Because of their unique purpose, naval vessels, and in particular, combat vessels must meet a number of special requirements that set them apart from commercial ships: They must be able to operate under direct threat, at high speeds and for extended periods with the only possibility for refuelling actually at sea. Independence, endurance, low detectability, high agility and manoeuvrability even in a damaged condition are of vital importance. The choice of fuel must account for the size, mission and payload of the given ship type, the range and the power demand of the military systems on board – such as radars and weapons – and potential exposure of fuel to hostile fire. All these requirements complicate the search for sustainable propulsion technologies. 

“Alternative fuels are the most effective measure to fully decarbonize in the future, but practical considerations such as logistics, fuel availability, fuel change flexibility and design impacts are critical factors in determining the feasibility of the different low- or zero-carbon fuels for the naval segment,” explains Christian von Oldershausen, DNV Maritime Segment Director for Navy.

Submarines and the pros and cons of nuclear reactors

Nuclear propulsion has been used by the U.S., British, Russian, French and Chinese navies for decades because of the speed and endurance it gives to combat vessels, especially submarines. It is in essence carbon-free but extremely expensive. Notwithstanding the strategic and tactical advantages, demand remains low since radioactive waste is seen as an environmental threat and public opposition as well as proliferation fears may prevent the use of nuclear power on a larger scale.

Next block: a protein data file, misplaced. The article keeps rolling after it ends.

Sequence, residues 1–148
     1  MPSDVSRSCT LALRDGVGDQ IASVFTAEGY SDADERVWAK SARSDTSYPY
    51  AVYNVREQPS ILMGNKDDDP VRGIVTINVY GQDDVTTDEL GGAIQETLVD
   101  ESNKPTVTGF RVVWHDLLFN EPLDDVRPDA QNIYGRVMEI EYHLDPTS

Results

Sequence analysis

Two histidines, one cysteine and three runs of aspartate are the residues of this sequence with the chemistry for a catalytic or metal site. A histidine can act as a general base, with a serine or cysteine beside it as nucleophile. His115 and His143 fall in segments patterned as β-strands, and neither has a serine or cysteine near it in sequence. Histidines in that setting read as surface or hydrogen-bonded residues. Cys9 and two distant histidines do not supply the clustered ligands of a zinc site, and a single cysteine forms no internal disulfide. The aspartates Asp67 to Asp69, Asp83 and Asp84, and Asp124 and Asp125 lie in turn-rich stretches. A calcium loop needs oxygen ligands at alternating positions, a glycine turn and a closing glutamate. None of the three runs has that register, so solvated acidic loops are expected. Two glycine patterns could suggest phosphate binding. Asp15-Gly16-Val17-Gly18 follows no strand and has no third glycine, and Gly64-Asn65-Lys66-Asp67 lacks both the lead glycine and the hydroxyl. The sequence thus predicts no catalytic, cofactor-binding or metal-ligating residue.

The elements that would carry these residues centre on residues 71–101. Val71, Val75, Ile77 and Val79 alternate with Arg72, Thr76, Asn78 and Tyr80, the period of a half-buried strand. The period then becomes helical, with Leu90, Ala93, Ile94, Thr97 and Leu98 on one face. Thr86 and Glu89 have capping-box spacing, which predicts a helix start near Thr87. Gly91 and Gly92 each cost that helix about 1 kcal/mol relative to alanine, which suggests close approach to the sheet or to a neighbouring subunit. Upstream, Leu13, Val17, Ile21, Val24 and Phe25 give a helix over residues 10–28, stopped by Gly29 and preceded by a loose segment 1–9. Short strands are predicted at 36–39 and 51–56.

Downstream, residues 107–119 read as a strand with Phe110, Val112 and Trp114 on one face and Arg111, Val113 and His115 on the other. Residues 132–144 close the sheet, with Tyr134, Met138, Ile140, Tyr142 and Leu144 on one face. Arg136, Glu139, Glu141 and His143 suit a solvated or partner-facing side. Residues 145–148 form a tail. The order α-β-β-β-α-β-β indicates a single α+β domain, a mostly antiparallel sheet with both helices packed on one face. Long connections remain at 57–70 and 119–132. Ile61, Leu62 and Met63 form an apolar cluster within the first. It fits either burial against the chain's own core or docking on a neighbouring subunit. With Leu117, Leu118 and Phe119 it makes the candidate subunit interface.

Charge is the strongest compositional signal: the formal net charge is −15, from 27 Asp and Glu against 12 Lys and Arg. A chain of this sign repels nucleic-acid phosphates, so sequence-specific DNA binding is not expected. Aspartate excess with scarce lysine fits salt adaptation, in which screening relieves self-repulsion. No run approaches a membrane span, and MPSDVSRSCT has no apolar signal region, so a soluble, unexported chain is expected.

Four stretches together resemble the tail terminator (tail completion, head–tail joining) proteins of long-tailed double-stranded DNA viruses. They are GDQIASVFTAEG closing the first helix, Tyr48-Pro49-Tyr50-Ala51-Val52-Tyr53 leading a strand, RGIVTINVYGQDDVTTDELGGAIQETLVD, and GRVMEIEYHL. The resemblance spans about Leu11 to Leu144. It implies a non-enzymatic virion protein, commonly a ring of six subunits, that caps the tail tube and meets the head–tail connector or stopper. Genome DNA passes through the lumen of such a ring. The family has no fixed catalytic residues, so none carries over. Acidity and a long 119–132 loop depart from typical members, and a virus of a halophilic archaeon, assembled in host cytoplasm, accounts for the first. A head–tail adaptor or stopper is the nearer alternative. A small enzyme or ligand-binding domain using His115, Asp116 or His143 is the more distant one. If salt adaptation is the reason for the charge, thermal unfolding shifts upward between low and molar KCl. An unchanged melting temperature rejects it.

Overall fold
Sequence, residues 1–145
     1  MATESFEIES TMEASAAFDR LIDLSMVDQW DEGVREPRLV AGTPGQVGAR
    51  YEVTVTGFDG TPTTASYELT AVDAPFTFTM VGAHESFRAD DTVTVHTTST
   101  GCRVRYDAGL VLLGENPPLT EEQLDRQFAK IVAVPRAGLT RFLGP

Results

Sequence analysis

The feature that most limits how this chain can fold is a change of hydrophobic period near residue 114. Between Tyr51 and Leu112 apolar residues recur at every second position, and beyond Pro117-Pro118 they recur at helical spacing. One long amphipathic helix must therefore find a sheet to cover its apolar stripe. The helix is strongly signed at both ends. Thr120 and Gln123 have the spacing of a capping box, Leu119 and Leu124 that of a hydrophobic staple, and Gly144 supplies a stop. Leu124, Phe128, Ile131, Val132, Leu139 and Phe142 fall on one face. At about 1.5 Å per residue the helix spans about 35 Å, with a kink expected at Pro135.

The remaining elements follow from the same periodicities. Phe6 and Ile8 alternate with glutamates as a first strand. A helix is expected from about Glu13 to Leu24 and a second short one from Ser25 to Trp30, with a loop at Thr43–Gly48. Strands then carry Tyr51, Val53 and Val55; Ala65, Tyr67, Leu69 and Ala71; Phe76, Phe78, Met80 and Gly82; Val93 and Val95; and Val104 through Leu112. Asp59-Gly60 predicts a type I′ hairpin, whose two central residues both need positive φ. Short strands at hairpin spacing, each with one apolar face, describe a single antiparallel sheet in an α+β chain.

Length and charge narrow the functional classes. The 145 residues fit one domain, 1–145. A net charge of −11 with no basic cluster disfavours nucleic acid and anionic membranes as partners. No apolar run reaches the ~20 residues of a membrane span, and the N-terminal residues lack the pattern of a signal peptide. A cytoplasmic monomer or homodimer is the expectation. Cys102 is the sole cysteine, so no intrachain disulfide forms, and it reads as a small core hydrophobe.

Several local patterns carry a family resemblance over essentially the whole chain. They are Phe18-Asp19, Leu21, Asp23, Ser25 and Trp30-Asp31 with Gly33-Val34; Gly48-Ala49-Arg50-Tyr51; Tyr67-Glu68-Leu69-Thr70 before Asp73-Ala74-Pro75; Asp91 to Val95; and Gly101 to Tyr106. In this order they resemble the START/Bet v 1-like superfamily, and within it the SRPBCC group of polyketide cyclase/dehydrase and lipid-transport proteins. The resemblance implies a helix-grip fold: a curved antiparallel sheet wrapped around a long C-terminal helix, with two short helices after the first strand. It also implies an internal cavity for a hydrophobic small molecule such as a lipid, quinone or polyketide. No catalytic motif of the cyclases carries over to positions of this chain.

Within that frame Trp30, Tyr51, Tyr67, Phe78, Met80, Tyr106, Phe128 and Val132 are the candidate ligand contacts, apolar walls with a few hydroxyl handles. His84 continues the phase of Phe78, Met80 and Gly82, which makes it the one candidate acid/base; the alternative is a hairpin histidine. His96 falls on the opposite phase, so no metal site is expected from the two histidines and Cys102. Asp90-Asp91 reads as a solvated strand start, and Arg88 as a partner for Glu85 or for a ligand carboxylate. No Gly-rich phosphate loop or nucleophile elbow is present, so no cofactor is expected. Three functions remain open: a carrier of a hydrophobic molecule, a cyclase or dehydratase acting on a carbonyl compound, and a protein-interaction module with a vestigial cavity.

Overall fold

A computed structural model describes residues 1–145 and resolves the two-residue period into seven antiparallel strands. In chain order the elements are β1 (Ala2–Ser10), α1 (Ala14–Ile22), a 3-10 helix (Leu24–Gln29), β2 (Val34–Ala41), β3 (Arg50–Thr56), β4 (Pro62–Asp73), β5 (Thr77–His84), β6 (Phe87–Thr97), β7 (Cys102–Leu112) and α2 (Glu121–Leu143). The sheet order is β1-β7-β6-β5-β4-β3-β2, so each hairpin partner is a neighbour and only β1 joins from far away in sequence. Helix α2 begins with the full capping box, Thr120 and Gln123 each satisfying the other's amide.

On the other hand, the white paper says, submarines “have taken the lead in terms of the adoption of alternative fuels, thanks to the emergence of the air-independent propulsion (AIP) system in the mid-20th century”. AIP systems are compatible with alternative fuels and fuel cells and considered as a viable alternative to nuclear propulsion. 

Survey results deliver key insights

The paper expressly avoids making specific recommendations. Its declared mission is to provide “an overview of the current use and comprehensive factual summary of the advantages and disadvantages of the various alternative fuels” to “enable informed decision-making”. The survey conducted for this document produced valuable insights, which are visualized in charts and graphs.